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Tuesday, August 24 2021
12:00pm - 1:00pm
Georgia Institute of Technology | Pettit Microelectronics Building 102 A&B | 791 Atlantic Drive Atlanta | GA 30332
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Nano@Tech Fall 2022 Series | Harnessing In Vivo Enzymatic Activity to Engineer Synthetic Breath Biomarkers of Disease

Leslie Chan | Professor; Wallace H. Coulter Department of Biomedical Engineering at Georgia Tech & Emory

Abstract: Breath testing is a non-invasive and rapid diagnostic tool that is underutilized in the clinic due to scarcity of known breath biomarkers. Thousands of volatile organic compounds (VOCs) are excreted from the body in breath after having been produced endogenously as volatile metabolites or introduced exogenously via diet or environmental exposure. However, efforts to identify disease-specific VOCs have been hindered by technological and statistical limitations with currently-used -omic approaches. As an alternative approach to biomarker discovery, my lab has developed a diagnostic platform that leverages aberrant enzymatic activity during disease to engineer synthetic breath biomarkers. This platform technology consists of nanoparticle sensors that are delivered in vivo and release bio-orthogonal VOC reporters upon activation by targeted enzymatic activity. VOC trafficking pathways from tissues to breath offers a mechanism by which we can engineer exhaled biomarkers for diseases of different organ systems. In my talk, I will discuss how we designed and validated our volatile-releasing nanosensors for use in respiratory disease and future applications in gastrointestinal disease.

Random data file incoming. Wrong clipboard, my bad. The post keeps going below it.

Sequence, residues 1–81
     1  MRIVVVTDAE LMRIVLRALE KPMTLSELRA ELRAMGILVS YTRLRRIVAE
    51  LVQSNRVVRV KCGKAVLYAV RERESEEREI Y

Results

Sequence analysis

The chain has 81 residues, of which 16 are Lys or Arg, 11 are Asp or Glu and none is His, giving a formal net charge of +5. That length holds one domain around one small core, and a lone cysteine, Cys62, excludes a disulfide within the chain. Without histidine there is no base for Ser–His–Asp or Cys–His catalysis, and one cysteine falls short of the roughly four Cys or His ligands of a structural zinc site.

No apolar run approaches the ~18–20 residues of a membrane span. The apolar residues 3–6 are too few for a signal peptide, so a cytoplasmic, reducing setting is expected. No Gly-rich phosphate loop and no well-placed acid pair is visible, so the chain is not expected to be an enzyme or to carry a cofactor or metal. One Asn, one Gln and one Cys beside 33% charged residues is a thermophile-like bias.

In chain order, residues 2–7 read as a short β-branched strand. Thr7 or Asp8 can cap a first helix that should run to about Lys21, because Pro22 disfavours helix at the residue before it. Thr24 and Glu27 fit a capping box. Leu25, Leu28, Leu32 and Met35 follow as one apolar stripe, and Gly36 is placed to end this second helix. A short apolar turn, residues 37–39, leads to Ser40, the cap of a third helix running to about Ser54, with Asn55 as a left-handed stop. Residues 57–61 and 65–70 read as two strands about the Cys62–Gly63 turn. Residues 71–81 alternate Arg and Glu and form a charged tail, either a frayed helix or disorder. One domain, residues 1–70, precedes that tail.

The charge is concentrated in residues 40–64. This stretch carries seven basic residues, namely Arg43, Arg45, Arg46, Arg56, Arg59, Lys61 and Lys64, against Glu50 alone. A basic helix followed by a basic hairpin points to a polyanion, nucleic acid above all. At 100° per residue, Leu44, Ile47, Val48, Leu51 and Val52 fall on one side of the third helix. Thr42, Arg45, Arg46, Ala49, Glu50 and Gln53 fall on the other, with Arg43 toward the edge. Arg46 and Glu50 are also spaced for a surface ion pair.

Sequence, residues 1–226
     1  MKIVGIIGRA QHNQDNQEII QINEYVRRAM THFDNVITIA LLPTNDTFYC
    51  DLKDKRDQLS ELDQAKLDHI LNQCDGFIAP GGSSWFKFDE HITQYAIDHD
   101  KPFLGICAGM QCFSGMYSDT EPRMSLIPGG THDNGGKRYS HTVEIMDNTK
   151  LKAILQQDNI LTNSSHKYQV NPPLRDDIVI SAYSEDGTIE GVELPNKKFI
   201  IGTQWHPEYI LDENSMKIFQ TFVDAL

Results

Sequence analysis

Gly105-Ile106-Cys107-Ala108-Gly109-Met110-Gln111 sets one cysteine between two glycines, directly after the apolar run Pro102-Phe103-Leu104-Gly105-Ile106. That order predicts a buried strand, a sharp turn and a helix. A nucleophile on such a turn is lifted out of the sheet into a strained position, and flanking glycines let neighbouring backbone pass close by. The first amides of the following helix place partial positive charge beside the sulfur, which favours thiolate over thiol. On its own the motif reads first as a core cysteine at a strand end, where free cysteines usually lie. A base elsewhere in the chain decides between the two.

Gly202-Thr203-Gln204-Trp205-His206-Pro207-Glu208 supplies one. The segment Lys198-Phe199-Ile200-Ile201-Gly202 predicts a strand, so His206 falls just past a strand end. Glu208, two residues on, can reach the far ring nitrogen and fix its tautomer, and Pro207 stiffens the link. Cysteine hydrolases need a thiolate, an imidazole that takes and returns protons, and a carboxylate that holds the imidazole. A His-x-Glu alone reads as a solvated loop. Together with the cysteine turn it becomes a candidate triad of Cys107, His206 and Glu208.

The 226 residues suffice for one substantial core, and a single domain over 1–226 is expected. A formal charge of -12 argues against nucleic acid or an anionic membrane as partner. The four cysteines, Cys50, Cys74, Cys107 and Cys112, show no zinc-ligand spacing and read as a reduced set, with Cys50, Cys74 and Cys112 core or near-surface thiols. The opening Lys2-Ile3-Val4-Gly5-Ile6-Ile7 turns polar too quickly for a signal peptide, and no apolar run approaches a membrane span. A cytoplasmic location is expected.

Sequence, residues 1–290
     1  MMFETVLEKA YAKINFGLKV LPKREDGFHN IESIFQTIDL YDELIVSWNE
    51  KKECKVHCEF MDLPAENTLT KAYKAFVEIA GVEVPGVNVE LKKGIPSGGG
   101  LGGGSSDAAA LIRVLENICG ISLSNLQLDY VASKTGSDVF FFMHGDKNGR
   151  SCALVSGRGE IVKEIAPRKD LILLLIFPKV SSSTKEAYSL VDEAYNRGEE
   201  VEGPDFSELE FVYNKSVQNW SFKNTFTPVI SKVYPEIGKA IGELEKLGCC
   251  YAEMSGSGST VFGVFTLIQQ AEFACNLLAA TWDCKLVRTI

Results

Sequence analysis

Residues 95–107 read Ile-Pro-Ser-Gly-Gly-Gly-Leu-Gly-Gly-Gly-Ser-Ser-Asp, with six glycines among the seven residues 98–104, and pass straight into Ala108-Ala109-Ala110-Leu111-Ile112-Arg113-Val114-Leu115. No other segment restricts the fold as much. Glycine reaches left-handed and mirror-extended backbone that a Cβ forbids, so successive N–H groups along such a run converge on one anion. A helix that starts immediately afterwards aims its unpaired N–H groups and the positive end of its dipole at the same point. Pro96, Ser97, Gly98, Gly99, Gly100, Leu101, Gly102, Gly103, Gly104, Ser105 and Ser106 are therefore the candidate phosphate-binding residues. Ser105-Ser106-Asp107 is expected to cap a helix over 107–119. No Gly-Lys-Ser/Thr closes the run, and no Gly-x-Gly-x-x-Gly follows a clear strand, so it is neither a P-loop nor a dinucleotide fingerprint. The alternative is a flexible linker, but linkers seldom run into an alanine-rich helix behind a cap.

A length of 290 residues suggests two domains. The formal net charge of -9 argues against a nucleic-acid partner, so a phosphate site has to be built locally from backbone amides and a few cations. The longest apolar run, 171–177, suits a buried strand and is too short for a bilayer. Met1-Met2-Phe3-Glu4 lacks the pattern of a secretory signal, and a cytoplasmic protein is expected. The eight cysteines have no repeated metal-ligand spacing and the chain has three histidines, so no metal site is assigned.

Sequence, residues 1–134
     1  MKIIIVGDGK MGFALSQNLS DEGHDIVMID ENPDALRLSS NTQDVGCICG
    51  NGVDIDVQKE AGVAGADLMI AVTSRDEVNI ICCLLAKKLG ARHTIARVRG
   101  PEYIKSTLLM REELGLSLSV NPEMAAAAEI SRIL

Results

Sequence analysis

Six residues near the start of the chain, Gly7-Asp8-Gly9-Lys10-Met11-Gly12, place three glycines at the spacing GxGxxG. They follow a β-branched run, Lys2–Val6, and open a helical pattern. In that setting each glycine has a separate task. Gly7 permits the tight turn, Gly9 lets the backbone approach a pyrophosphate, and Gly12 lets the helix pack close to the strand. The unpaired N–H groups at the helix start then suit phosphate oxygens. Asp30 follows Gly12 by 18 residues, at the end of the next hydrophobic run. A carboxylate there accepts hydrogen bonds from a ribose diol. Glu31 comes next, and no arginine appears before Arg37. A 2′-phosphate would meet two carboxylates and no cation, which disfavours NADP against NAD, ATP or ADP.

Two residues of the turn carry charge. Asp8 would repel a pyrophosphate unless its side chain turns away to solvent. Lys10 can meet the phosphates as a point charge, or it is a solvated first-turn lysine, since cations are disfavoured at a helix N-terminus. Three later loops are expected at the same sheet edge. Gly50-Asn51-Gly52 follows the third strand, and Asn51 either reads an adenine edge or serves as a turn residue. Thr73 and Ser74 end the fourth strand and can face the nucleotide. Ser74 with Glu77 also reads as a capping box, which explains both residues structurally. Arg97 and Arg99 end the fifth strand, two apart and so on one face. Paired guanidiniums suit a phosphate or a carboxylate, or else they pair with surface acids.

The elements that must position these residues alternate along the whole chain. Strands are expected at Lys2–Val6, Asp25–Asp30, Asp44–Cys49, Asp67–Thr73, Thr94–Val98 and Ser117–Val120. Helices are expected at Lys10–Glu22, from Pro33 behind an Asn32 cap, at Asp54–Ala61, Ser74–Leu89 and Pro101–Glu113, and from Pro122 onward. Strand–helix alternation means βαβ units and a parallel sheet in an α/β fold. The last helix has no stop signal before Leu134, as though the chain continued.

Bio: Dr. Leslie Chan is an Assistant Professor in the Wallace H. Coulter Department of Biomedical Engineering at the Georgia Tech School of Engineering and Emory School of Medicine. Dr. Chan earned her B.S. in Biomedical Engineering from Georgia Tech and her Ph.D. in Bioengineering from the University of Washington with Professor Suzie Pun. She completed her postdoctoral training at Massachusetts Institute of Technology with Professor Sangeeta Bhatia and is a recipient of an NIH K99/R00 award. Dr. Chan’s research program uses emerging principles from nanomedicine to develop technologies to study, detect, and treat infectious disease, microbiome dysbiosis, and inflammatory diseases. 

Watch a live-stream of the seminar here: